LEICESTERSHIRE certainly did their best to make the South Africans feel at home. After winning the toss, the tourists found themselves batting on the sort of fast, bouncy wicket which they are used to back home but must have been surprised to find at Grace Road.
The assistant groundsman Steve Wright drenched the wicket a fortnight ago and had not watered it since, which explained the absence of the usual flat innocuous Leicester track. Perhaps he wanted to impress South Africa's vice-captain, Hansie Cronje, who will decide shortly whether to accept Leicestershire's offer of a one- year contract as their overseas player next season as a replacement for Phil Simmons, who is likely to be in the West Indies party to tour England.
Cronje is unsure about signing up for the full rigours of the English game although there is already a family connection with Leicestershire: his sister Hester is married to the all- rounder Gordon Parsons.
Wright may have overdone the welcome. Leicestershire's left-arm seamers Alan Mullally and the young Alamgir Sheriyar took full advantage of this unexpected treat, taking five of the eight wickets to fall before Kepler Wessels declared early. That gave his own quicks a good hour to subject Leicestershire to the same treatment.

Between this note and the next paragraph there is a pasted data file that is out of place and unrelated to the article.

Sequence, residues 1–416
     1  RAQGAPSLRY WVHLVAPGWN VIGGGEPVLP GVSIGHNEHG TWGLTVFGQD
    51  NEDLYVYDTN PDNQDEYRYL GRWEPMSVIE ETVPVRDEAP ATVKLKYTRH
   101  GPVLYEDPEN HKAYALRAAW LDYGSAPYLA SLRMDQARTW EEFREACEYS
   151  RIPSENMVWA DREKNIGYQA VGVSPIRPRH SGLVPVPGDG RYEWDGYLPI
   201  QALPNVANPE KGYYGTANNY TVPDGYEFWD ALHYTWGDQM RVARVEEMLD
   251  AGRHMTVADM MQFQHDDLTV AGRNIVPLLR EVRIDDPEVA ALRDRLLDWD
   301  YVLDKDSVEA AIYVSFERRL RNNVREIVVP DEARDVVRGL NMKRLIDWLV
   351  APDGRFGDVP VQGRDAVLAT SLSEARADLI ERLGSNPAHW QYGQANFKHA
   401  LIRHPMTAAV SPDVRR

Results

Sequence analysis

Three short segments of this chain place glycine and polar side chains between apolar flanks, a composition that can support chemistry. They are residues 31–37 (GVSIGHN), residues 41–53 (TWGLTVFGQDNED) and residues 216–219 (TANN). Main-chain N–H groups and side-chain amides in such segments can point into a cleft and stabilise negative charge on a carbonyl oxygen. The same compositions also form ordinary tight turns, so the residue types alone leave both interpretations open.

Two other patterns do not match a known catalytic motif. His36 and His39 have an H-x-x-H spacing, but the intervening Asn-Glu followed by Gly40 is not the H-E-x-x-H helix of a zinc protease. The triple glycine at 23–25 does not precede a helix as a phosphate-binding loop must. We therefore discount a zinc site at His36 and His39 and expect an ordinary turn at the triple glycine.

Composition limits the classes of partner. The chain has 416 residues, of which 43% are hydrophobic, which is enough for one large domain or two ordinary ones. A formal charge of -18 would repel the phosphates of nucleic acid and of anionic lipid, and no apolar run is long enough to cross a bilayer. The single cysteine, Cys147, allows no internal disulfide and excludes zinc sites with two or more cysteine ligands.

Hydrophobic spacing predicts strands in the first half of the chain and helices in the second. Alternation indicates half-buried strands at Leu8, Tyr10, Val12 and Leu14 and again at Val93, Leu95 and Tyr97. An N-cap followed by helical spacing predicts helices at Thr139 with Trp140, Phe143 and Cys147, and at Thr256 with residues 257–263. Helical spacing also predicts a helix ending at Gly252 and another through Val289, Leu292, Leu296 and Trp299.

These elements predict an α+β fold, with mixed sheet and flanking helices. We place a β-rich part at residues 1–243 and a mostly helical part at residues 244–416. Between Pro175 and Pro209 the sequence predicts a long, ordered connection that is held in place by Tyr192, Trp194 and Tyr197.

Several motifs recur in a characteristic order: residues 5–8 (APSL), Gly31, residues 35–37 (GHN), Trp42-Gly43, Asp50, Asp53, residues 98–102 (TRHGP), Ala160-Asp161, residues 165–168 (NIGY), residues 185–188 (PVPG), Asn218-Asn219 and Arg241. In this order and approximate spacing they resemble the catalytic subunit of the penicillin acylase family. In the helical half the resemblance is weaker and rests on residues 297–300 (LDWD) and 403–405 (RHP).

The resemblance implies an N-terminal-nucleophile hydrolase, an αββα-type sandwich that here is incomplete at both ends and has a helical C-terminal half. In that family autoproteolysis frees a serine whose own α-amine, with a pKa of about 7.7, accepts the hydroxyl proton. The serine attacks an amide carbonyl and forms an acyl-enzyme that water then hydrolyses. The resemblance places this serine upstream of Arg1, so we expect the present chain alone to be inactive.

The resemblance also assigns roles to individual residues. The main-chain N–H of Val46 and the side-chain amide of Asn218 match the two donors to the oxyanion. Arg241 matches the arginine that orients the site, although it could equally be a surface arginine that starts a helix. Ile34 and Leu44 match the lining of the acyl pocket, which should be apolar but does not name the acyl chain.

Mullally's direction was often wayward, sometimes to good effect. He persuaded Gary Kirsten to chase a wide one and be caught at first slip but his other wickets had more merit. Wessels failed to repeat his Lord's heroics and was caught behind off inside edge and pad, and Cronje, having spent 110 minutes over his 30, was caught at short leg.
Sheriyar burst on to the championship scene with a match-winning hat-trick against Durham last weekend and completed a memorable seven days by dismissing Andrew Hudson and Gerhardus Liebenberg with sharply rising deliveries.
The best batting of the day though came from Daryll Cullinan, who hit his second 60 in successive days with a series of sparkling drives and hooks. He put on 121 for the fifth wicket with Liebenberg (59) and would be an ornament to the Test team though he has little chance of displacing Peter Kirsten.
Allan Donald and Fanie de Villiers might have persuaded Wessels to declare early. Donald was a terrifying prospect on this track, but it was De Villiers, playing the good cop with the cigarette, who dismissed Tim Boon and James Whitaker. Ben Smith got off the mark by slashing Donald over the slips for six before falling to a brilliant De Villiers catch at leg slip.
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